Any mom would recognize the symptoms. After a carefree vacation, the doldrums set in. People who should know better start saying silly things like, "I'm bored." Sorted laundry clutters the floor, awaiting a spin with Cheer. Emptied suitcases cluster at the top of the stairs, because no one has the energy (or motivation) to haul them to the attic. Odds and ends are strewn across the kitchen counter -- baggage claim tags, receipts, amusement park maps.
Lionel, our indoor cat who was left to his own devices and evil plans while we were gone, is both unusually affectionate and frantically plotting an escape to the backyard. Josie, our rescue dog, who spent the better part of the week at "puppy camp," is again somewhat unsure of us and mysteriously, is shunning her usual food. It's pretty good stuff, too. I can't imagine what they were feeding her at the kennel -- some type of Top Chef kibble, perhaps?
Just as we begin to get a grip on reality, other symptoms pop up. I'd hoped to watch last week's missed episode of American Idol while the kids were at their dad's last night. The Simpsons, The Office and Scrubs were all recorded in our absence, but American Idol (the much-anticipated "country" episode, no less!) was not. True, it could have been an operator-error, but it smells suspiciously of operator's-son-error. What? You think I watch The Simpsons? (I've got to admit, The Simpsons ride at Universal Studios was hysterically fun -- if you're a 46-year-old mom, that is, not a jaded 14-year-old son.)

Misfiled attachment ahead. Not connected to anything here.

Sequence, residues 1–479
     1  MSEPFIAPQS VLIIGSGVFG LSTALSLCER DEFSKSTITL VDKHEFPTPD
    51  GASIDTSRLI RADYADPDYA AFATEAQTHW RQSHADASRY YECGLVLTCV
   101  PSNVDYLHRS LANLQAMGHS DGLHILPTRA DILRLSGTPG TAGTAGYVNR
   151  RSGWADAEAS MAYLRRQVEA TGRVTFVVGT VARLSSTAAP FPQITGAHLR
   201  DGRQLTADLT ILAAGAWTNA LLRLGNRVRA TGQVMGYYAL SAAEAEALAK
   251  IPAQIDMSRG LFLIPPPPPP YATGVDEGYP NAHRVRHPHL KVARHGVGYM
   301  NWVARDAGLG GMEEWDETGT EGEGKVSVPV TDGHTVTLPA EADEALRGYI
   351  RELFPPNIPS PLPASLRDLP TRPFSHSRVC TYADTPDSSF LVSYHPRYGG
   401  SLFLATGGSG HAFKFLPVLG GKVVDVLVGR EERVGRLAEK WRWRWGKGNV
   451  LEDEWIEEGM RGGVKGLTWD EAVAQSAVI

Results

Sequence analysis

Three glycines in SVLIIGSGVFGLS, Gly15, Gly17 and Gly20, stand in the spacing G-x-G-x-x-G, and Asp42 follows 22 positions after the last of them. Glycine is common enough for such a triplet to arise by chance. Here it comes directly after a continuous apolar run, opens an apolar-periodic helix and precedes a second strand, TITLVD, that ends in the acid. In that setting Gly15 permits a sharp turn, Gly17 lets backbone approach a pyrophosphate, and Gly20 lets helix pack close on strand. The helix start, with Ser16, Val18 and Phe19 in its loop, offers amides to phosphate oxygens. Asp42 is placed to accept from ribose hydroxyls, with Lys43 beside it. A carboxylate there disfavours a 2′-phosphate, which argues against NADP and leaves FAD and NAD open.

The fridge is oddly understocked. We've got milk, but no eggs, grapes, but no lettuce, hamburger buns, but no bread. All three of us are within a few days of scurvy, and we're somehow managing to perpetuate the situation. I served up the beloved "sausage pasta" (see February 23, "Comfort Food") as a remedy, but the broccoli dodged their forks. The kids, I guess, are determined to have a spring break completely devoid of nutrition.
I'll try again tonight -- with my version of grilled chicken, but if that doesn't work, I have one surefire cure. The school bus arrives tomorrow at 7:20 a.m., and I know two kids who won't miss it. And they'll both be packing lunch bags with fresh fruit, peanut butter and whole wheat bread.
Chicken Banzai Marinade
1/2 cup soy sauce
1/2 cup pineapple juice
1/4 vegetable oil
juice of 1-2 limes
1 scallion, finely sliced
1 "knob" ginger, grated or finely minced
2 cloves garlic, minced (optional)
freshly ground pepper
Mix marinade ingredients and pour over cut-up chicken (I use all thighs, but even boneless, skinless breasts are good) in plastic zipper bag. Allow to marinate at least one hour, then grill over indirect heat until done. (Poke with a skewer. When juices run mostly clear, chicken is done.) Delicious served with grilled slices of pineapple, and garnished with pineapple bits and fresh scallions.